Let's settle this behind closed doors Comcast tells CPUC

12 March 2015 by Steve Blum
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If it was good enough for PG&E, it should be swell for Comcast.

Comcast, and its would-be merger and market swap partners, don’t like any of the conditions that would be imposed on the deal, if a proposed decision by a California Public Utilities Commission administrative law judge is approved. Not surprisingly, in a 60 page objection, the so-called Joint Applicants – Comcast and friends might be a better description – run through the 25 conditions proposed conditions and find fault with every one.

The primary problem, as Comcast sees it, is that the CPUC doesn’t have the power to impose any conditions at all. Partly because some of the conditions look a lot like common carrier regulations that the FCC doesn’t intend to enforce (never mind that those rules aren’t public yet), partly because others are outside the scope of its authority and partly because the administrative law judge’s reasoning is, well, just wrong.

But Comcast is offering to give the CPUC a break, in effect saying if you do it our way, we won’t have to bother ignoring you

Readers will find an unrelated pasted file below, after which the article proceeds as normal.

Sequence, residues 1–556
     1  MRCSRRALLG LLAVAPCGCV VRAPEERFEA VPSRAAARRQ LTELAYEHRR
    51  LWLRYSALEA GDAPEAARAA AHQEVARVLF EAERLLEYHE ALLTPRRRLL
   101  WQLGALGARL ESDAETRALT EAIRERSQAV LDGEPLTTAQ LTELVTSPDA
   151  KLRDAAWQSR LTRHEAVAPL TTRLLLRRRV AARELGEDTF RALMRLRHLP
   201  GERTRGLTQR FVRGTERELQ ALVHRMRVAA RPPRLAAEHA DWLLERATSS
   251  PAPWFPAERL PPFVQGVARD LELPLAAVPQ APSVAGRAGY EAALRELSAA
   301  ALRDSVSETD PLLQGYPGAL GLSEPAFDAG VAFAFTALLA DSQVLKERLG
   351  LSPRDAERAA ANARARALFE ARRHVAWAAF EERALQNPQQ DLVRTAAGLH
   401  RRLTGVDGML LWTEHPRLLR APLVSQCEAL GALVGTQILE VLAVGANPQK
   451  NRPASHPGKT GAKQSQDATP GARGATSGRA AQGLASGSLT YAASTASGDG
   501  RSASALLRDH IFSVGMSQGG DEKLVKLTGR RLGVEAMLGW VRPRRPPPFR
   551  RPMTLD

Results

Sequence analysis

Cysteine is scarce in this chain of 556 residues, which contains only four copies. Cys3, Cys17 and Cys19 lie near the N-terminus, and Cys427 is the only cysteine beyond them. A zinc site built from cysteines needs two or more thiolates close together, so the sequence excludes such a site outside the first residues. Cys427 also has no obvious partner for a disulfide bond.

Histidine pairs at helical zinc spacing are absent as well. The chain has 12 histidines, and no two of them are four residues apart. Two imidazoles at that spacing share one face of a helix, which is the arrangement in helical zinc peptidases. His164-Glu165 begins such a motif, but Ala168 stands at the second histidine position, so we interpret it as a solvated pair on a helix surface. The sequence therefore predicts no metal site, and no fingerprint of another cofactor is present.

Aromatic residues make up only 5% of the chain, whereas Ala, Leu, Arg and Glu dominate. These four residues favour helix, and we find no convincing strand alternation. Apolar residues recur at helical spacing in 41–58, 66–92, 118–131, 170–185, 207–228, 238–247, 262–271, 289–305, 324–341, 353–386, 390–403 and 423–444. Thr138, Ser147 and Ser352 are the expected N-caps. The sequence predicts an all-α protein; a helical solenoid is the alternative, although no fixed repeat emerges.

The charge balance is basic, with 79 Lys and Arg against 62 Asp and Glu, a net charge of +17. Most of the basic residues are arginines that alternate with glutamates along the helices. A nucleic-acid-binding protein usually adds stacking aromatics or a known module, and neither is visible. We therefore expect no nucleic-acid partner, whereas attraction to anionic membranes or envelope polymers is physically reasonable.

Joint Applicants…do not expect the final decision to include objectionable conditions. Joint Applicants are confident that they can satisfy the Commission’s legitimate public interest objectives without there having to be any disputed conditions and without the need to appeal or otherwise challenge the order…this could be accomplished through a combination of conditions that are clearly within the scope of the CPUC’s jurisdiction and voluntary commitments. Parties can and have frequently agreed to voluntary conditions in merger dockets, and in certain voluntary programs.

Funny thing, though. Comcast doesn’t mention any particular conditions that it’s willing to abide by, just that the…

Joint Applicants plan to work through the ex parte process with the Commission toward a set of conditions that address concerns identified by the Proposed Decision – including conditions that Comcast would agree to voluntarily.

The ex parte process generally involves closed door meetings between CPUC staff and commissioners, with the items discussed – usually a brief and uninformative summary – publicly disclosed.